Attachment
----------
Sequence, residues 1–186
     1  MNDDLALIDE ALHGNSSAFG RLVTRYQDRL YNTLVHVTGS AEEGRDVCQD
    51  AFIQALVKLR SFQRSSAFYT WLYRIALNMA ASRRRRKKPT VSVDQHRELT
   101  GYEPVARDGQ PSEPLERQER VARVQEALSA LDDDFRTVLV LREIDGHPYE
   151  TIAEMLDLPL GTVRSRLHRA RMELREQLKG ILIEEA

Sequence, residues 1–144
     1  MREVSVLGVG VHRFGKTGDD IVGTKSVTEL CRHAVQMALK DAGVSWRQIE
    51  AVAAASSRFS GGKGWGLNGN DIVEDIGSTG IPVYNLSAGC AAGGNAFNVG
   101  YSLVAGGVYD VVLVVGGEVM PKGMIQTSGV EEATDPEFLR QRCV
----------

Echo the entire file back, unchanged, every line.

Sequence, residues 1–186
     1  MNDDLALIDE ALHGNSSAFG RLVTRYQDRL YNTLVHVTGS AEEGRDVCQD
    51  AFIQALVKLR SFQRSSAFYT WLYRIALNMA ASRRRRKKPT VSVDQHRELT
   101  GYEPVARDGQ PSEPLERQER VARVQEALSA LDDDFRTVLV LREIDGHPYE
   151  TIAEMLDLPL GTVRSRLHRA RMELREQLKG ILIEEA

Sequence, residues 1–144
     1  MREVSVLGVG VHRFGKTGDD IVGTKSVTEL CRHAVQMALK DAGVSWRQIE
    51  AVAAASSRFS GGKGWGLNGN DIVEDIGSTG IPVYNLSAGC AAGGNAFNVG
   101  YSLVAGGVYD VVLVVGGEVM PKGMIQTSGV EEATDPEFLR QRCV